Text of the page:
Kelly McCrone and Rita Hall work closely together at University Hospitals in Cleveland, Ohio. Rita is the Total Joint Replacement Program Coordinator and Kelly is the Total Joint Replacement Patient Navigator. With over 30 years of patient care experience between them, we were excited to get their take on Force’s impact and where they think healthcare is headed. 

1. How has your day to day changed since using Force?

Rita: Playing “phone tag” with patients was tremendously time consuming prior to Force. Now we can message a patient anytime, anywhere. 

Kelly: Less phone calls overall and less time playing phone tag with patients.

2. What features do you find most useful?

Rita: Outcomes collection is a huge help, especially in my role as TJR program coordinator. PROs are a major component of the requirements for accreditation. Efficient PROs collection allows University Hospitals to maintain the Advanced Certification from The Joint Commission and submit data to the American Joint Replacement Registry. 

Kelly: I love the mass messaging. I used to call all the patients 2-3 weeks prior to surgery asking them the same set of questions: Do they have a care partner? did they take class?…etc.  Now I can send a mass message with those questions, which frees up time.

3. Do you find that Force makes you more efficient? 

Rita: Yes, the screen has all the information needed, surgery date, etc.

Kelly: Absolutely! It allows me to spend time with the patients that really need my attention and I have more time to dedicate to other responsibilities. 

4. How do you think about technology’s role on a Care Team now and in the future?

Rita:  I think technology will be at the forefront of Care Team workflows in the future. Force provides patients with a real-time connection to our team. 

Kelly: Technology is the way of the future!  We are only going to see more of these innovations in health care. I love the prompt response of the tech support when we have questions or when patients have questions.

5. What’s a fun fact about you?

Rita: I volunteer at the Kids Book bank to promote literacy in young children

Kelly:  I have been married for 15 years and am a mother of three. I swam in college at Edinboro University. 


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POSTED March 20, 2018

The Opioid Epidemic in Orthopaedics

The opioid epidemic in the United States is nothing new. It has been a persistent problem that we failed to address for many decades. At this point,the US accounts for less than 5% of the world’s population, and consumes 80% of world’s opioid supply.

Orthopaedic surgeons are the third-highest opioid prescribers among all physicians, making orthopaedic surgery a major contributor to the current epidemic. With all the media coverage over the years, there has been a rising awareness in the orthopeadics community and many surgeons have started prescribing less opioids to their patients. Despite the efforts, however, the decline in opioid use has not been fast enough to bring meaningful impacts. So what have been the roadblocks?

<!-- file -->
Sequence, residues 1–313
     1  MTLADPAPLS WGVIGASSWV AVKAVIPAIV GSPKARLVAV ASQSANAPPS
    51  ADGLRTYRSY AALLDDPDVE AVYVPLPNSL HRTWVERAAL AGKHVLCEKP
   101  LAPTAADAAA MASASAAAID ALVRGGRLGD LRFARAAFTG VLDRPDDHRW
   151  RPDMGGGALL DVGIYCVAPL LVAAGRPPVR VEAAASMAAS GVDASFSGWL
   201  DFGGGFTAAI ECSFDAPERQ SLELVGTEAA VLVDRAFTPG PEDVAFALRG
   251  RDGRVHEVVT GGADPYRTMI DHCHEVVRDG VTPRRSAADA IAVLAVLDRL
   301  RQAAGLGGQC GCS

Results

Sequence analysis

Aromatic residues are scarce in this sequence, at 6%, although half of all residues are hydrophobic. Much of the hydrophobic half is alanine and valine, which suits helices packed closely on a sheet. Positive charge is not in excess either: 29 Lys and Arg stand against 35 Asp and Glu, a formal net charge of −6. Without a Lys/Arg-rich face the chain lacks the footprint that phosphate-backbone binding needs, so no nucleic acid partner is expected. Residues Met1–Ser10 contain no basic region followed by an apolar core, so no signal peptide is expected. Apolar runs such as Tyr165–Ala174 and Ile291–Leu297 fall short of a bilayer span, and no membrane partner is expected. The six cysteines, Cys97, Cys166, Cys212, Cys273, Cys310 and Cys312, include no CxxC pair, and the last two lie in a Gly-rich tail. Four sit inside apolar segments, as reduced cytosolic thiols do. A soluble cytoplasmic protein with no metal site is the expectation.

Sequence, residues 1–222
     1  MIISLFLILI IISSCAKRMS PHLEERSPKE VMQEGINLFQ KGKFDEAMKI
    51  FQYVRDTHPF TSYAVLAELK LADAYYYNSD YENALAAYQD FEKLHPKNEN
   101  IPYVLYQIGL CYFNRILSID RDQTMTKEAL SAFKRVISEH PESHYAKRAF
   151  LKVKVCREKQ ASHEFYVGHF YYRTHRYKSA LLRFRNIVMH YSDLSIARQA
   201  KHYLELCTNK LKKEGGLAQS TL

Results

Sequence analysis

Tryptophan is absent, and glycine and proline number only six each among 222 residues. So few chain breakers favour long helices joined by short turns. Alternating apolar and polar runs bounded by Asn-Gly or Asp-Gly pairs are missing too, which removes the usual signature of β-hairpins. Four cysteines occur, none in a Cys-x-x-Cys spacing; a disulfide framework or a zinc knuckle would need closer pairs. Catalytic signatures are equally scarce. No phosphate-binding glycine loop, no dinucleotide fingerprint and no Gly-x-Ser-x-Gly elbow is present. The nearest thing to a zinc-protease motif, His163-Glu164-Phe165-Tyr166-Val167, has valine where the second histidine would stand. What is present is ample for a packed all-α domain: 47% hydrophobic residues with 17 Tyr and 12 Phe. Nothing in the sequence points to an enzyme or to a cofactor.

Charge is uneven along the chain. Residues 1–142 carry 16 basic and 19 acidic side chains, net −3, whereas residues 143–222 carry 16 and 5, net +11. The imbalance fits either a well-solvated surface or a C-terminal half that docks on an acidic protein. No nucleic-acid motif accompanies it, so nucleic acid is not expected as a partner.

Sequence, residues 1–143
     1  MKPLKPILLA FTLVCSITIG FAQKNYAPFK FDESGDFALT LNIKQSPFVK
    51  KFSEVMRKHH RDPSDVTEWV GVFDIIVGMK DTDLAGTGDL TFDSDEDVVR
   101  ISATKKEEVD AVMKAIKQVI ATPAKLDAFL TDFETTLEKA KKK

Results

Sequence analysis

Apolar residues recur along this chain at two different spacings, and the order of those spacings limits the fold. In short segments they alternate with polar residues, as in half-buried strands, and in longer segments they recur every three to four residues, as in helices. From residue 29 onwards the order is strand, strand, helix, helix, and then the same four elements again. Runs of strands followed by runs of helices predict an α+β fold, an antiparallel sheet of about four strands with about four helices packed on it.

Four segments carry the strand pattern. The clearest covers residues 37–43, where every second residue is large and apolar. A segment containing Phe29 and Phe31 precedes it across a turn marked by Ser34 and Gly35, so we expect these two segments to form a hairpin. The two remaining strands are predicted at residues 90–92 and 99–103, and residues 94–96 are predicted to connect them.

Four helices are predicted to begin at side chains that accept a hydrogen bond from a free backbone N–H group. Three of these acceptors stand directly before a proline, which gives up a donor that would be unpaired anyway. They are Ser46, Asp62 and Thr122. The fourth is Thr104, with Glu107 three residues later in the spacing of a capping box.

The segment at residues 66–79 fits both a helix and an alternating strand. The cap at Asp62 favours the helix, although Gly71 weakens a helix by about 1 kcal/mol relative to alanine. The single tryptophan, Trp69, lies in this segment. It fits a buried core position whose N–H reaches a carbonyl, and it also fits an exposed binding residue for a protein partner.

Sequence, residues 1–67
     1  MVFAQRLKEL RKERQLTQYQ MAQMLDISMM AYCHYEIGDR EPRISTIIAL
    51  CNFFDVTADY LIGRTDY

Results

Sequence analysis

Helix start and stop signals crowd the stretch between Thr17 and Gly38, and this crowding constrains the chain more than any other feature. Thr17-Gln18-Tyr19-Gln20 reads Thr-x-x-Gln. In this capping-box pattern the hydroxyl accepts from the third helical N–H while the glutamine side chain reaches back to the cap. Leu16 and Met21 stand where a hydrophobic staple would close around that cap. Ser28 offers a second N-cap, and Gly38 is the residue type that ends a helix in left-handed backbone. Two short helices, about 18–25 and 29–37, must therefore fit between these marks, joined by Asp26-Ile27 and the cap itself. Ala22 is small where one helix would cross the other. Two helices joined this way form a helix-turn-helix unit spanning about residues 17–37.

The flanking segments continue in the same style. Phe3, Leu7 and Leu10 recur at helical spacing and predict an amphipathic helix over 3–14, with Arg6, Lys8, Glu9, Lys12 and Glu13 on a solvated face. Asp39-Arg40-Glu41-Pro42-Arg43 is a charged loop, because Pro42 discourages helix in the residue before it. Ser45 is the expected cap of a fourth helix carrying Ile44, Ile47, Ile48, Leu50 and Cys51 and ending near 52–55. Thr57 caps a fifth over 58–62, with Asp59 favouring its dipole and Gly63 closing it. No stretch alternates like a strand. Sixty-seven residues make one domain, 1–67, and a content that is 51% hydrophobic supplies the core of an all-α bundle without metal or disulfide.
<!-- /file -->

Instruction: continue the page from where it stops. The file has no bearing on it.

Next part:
The first is derived from the current trend towards value-based care and its emphasis on patient satisfaction. Since hospitals are financially incentivized to obtain high scores on the HCAHPS survey, which captures key elements of patient satisfaction -- including treatment and management of pain-- providers are naturally inclined to prescribe opioids. Jena et al. have reported a significant correlation between a hospital’s rate of post-discharge opioid prescriptions and patients’ reporting of “well-managed pain” via HCAHPS.

Second, a large portion of opioids are being prescribed to patients who actually need opioids. According to Bob Twillman, PhD, executive director of the Academy of Integrative Pain Management, a large share of the opioid consumption in the US could be attributed to chronic high-pain patients. Many of these patients have already developed opioid-induced hyperalgesia and resistance to low-dose opiate therapies prior to their orthopedic surgeries, making it unethical to dramatically limit their access to their opioid medications.

So what can we do? The complexity of the opioid crisis requires a collaborative, systematic approach. Everyone, from medical professionals to legislators to educators, has a role to play in order for these systematic changes to come to fruition. We must strive to establish interventions that prevent new patients from developing opioid dependence while continuing to support those who are already dependent on opioids. Here are some key approaches:

  • Implementing new evidence-based prescribing practices

Physicians must consider all other non-opioid treatment options prior to any opioid prescription. Every physician should be under a strict yet easy-to-follow opioid prescribing protocol like that of Kaiser Permanente where physicians encounter a series of decision support prompts within their prescription systems before they can assign any opioid medication. In addition, there needs to be a continued effort to validate long-term efficacy of opioids at varying dose ranges. Implementing evidence-based insights would allow physicians to prescribe the right dose, at the right time, in the right way.